BEIJING, March 9 (UPI) -- China's crackdown on coal-related pollution will take a heavy toll on the North Korean economy, South Korean newspaper Donga Ilbo reported Monday.
China's plan is to drastically reduce coal consumption by 160 million tons in the next five years. The plan, presented at the National People's Congress in Beijing, aims to reduce the fossil energy use that is contributing to severe pollution in big cities, The Australian reported.
Countries exporting coal to China are all affected, but the plan could create an economic crisis in impoverished North Korea. Coal and iron-ore exports are two of North Korea's biggest exports to China, its biggest trading partner.
According to the Donga Ilbo, more than 97 percent of North Korean exports are shipped to China, and coal, iron ore comprise 60 percent of all North Korean exports.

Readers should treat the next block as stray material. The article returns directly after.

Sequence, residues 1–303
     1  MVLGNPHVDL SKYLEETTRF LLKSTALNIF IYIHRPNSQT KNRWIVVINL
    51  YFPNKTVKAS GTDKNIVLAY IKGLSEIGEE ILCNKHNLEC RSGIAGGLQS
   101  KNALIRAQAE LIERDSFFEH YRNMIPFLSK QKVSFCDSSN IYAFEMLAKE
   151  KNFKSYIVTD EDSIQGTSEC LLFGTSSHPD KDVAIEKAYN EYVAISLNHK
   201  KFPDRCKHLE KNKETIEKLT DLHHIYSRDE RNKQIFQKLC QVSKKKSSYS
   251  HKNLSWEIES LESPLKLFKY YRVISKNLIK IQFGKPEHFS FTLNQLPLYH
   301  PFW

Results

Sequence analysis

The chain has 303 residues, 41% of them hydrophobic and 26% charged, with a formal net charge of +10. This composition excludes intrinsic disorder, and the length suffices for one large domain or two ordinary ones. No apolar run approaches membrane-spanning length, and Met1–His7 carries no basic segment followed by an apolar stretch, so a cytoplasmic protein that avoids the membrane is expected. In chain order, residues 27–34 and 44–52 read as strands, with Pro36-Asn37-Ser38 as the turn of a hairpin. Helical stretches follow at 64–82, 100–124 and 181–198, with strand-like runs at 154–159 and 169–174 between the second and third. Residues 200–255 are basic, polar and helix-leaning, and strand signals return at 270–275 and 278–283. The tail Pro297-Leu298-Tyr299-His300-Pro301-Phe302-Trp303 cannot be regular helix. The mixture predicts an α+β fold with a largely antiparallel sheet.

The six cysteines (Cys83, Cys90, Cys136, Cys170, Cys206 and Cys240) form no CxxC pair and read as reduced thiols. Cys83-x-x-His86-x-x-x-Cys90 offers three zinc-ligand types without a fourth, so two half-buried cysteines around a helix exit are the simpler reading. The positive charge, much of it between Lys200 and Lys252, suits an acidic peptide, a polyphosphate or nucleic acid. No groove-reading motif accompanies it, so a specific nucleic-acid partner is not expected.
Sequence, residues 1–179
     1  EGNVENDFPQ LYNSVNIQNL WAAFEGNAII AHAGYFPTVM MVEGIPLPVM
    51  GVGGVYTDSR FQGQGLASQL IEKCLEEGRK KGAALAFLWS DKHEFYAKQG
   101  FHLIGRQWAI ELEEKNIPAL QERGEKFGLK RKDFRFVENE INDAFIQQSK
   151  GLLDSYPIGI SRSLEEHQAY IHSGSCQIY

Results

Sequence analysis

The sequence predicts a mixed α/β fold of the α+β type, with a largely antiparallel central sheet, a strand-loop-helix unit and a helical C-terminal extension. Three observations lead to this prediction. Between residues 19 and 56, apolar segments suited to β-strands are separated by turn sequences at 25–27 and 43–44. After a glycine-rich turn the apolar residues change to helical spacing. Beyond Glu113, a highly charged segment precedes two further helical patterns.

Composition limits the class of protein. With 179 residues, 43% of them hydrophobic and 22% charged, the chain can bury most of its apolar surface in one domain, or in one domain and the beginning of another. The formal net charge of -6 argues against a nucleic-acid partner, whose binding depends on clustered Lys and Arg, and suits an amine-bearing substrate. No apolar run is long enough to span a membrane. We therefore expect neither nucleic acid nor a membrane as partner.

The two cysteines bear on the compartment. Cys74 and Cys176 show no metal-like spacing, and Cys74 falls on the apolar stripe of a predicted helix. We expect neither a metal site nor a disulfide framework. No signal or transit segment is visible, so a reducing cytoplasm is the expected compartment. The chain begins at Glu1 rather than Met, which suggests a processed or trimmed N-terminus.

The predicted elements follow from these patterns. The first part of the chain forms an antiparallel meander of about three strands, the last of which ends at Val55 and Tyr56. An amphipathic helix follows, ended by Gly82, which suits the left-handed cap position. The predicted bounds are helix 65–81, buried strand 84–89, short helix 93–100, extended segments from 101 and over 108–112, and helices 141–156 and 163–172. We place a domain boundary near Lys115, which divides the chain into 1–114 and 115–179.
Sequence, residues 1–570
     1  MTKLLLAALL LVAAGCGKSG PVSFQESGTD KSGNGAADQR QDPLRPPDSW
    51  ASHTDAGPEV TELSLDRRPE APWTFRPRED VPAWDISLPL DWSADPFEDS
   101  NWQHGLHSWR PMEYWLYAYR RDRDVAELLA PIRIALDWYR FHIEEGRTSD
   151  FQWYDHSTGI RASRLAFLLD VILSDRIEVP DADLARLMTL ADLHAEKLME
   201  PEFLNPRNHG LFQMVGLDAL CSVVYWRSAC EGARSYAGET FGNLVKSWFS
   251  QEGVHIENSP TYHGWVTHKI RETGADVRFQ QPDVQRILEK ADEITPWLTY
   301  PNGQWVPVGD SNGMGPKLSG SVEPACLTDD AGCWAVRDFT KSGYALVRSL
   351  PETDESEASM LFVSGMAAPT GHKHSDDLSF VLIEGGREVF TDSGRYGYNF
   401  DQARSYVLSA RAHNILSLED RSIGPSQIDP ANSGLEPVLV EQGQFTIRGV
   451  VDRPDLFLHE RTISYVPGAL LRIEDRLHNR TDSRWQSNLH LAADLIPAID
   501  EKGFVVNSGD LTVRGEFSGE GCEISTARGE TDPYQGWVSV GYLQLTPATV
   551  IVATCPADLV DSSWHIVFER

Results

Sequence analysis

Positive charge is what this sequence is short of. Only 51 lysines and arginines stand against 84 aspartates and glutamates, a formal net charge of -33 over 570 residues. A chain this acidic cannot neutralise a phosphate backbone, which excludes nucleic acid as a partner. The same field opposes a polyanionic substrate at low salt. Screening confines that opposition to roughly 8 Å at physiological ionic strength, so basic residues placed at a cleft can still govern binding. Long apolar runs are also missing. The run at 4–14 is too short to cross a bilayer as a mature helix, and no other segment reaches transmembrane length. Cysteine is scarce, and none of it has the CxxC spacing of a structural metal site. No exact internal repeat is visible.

China's anti-pollution policy is affecting North Korean cargo. A North Korean ship delivering coal to China was turned away at the coastal city of Rizhao on Feb. 27. The Donga Ilbo reported the coal did not satisfy China's environmental regulations.
The rising ban and other factors are placing the impoverished North Korean economy in a tight squeeze.
On Thursday, North Korea notified South Korea of its decision to increase the minimum wage in the Kaesong factories. North Korea wants to raise monthly wages for workers from $155 to $164 but South Korea is refusing the wage hike.